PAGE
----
Volume 43, Number 171,
October-December 2012
Russia: Strengths and Weaknesses
Arturo Bonilla
INTRODUCTION ( ...continuation )

Scientific research in the ussr was done to develop heavy industry, military industry, aviation and space exploration. Industrial branches dedicated to producing consumer goods for the population were given much less attention. All of this brought about a gap in the productive branches destined towards civil consumption, and although these grew in variety and quantity, there is evidence that these key sectors were not given enough attention in the Soviet domestic market. Soviet consumers worried more and more about the lack of attention and planning errors for these sectors.

Moreover, it is quite likely that excessive concentration and centralization of the social surplus gave rise to a lack of attention towards the development of various Soviet republics, which surely caused many republics to make the rapid, yet peaceful, decision to separate from what was up to that point the Soviet Union.

The disappearance of the Soviet Union was facilitated by the desire of large segments of the population who were convinced of the need to end internal repression imposed by Soviet governments and seek genuine free expression. For many Soviets, Socialist proposals were no longer valid.

It is relevant to point out the greatest disaster in the history of Soviet foreign policy, which also facilitated its economic, social and political weakening, was its prolonged military intervention in Afghanistan, with a cost of loss of life of 13,000 deaths and many more wounded, which resulted in the exit of Soviet troops from Afghanistan. This military intervention may have resulted in the biggest defeat for the then Soviet Union. Many observers have even characterized it as the Soviet version of what the usa suffered in Vietnam. The ambitions of the governing people were lost, both in terms of increasing influence abroad and dominating territory.

Under profound self-criticism, the problems cited here and many more revealed a situation of economic and social stagnation, together with an erosion of the moral and ideological values of the Soviet Union since the second half of the 1970s and 1980s. In this regard, Gloria Claudio Quiroga indicates that the economic situation in the Soviet Union was critical at the end of the 1980s, a reality that had begun decades before in the face of exhaustion of the growth model.3

This explained the evolution of Perestroika or economic restructuring and Glasnost or information transparency, in combination with political and democratic reforms driven by Mikhail Gorbachev and the pcus Central Committee.4 The purpose of this restructuring was to transition the Soviet economy to a new model of Socialist economics, with a mercantile foundation. Reformers and Conservatives faced off in this debate as representatives of power.

Although Hernández Laos writes: “Even (...) if it was successful during the transition, it is not entirely evident that the market system (...) was as efficient as textbooks claim,” he concludes by saying: “What is clear is that a market system increases economic inequalities in society, and it would seem that this is the cost imposed by history to reach an efficient system in terms of assigning resources that incentivize workers.”5 This path shows its profile, as the reforms applied developed programs recommended by the imf and WB, whose shock therapies drove economic liberalization, privatization of public property and monetary and financial stabilization. This was especially supported during Yeltsin’s presidency.6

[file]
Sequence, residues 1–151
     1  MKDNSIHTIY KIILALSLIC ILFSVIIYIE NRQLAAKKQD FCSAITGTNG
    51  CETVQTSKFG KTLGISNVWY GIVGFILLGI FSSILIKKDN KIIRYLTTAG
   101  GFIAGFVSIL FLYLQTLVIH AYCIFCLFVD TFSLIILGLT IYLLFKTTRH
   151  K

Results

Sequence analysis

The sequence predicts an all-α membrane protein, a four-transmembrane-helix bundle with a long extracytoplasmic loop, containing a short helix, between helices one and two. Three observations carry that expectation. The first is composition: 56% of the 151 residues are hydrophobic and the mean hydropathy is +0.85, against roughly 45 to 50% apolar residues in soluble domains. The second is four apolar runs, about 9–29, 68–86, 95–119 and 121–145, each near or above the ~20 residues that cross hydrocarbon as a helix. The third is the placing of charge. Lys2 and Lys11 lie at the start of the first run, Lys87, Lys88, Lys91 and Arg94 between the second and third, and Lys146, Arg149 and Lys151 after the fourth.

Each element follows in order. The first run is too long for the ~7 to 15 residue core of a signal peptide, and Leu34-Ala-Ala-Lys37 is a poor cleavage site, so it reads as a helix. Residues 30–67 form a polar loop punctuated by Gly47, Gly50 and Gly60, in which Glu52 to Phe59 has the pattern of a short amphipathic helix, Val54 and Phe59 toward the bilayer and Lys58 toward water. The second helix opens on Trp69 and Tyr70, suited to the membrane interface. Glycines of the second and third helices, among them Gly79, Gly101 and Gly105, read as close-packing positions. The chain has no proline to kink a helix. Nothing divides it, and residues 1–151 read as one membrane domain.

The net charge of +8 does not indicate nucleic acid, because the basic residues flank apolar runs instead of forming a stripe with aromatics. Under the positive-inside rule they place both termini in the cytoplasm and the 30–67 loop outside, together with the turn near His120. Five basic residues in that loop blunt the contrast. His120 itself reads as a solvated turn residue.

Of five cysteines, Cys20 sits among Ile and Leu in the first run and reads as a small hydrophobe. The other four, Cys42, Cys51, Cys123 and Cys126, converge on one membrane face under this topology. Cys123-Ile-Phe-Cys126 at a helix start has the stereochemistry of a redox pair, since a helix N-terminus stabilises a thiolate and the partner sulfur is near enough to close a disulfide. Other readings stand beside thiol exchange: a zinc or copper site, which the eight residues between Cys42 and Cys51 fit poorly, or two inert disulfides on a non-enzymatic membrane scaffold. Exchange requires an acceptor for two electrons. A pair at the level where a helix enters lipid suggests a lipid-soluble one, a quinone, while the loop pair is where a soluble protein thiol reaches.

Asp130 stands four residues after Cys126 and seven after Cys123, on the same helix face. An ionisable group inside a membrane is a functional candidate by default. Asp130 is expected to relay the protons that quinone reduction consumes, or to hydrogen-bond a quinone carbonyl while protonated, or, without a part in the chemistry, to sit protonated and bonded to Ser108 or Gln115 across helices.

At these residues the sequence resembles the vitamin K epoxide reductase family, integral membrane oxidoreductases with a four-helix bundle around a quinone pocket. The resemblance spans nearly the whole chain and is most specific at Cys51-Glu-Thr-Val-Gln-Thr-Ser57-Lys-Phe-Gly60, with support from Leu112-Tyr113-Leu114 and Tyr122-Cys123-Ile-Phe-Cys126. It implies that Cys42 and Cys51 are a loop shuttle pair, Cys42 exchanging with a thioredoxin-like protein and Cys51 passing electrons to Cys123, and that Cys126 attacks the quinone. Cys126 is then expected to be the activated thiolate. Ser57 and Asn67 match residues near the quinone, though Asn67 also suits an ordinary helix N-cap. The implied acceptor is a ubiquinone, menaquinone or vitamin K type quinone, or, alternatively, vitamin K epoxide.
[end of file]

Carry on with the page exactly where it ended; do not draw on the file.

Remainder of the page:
This panorama led Sánchez Andrés to conclude that: “Starting at the beginning of the 1980s, the symptoms of crisis in the Soviet economy were clear (...) At the beginning of the 1990s, the combination (...) economic crisis (and) distortions introduced by reforms led to economic disintegration and the fall of the Soviet Union.”7 The gradual introduction of these reforms slowly redirected the Socialist economy towards a market economy, bringing together social and political reforms and ideological and cultural aspects.

3 Read Claudio Quiroga, Glora “The Economic Goodbye of the Soviet Union,” Anuario Jurídico y Económico Escurialense,
xxxix (2006) 443/462/issn: 1133-3677.

4 Gorbachev, Mikhail, Perestroika. New ideas for my country and the world, Second ed. Updated, Editorial Diana, México, 1991.

5 We recommend reading the analytical summary of the proposed economic principles of the Perestroika, from the book written by Abel Aganbegyan, entitled “Inside Perestroika. The Future of the Soviet Economy,” Harper and Row, Publisher, New York, 1990: main economic advisor to Gorbachev. Also read the article prepared by Hernández Laos, Enrique: “The Future of the Soviet Economy with the Perestroika” at palapa/include/getdoc.php?id=1394&article=1431&mode=pdf .

6 Regarding this, he writes: “In October 1991, two months before the fall of the Soviet Union, Yeltsin established a new program of radical economic reforms that principally sought two objectives: macroeconomic stabilization and economic restructuring, with the goal of going from being a centrally planned economy to a market economy.”

7 Sánchez Andrés, Antonio, “The Russian Economy: A Decade in Transition,” in the Journal cidob d ’Afers Internacionals,
number 59, 2002, pp. 53-72.

Published in Mexico, 2012-2017 © D.R. Universidad Nacional Autónoma de México (UNAM).
PROBLEMAS DEL DESARROLLO. REVISTA LATINOAMERICANA DE ECONOMÍA, Volume 48, Number 191, October-December 2017 is a quarterly publication by the Universidad Nacional Autónoma de México, Ciudad Universitaria, Coyoacán, CP 04510, México, D.F. by Instituto de Investigaciones Económicas, Circuito Mario de la Cueva, Ciudad Universitaria, Coyoacán,
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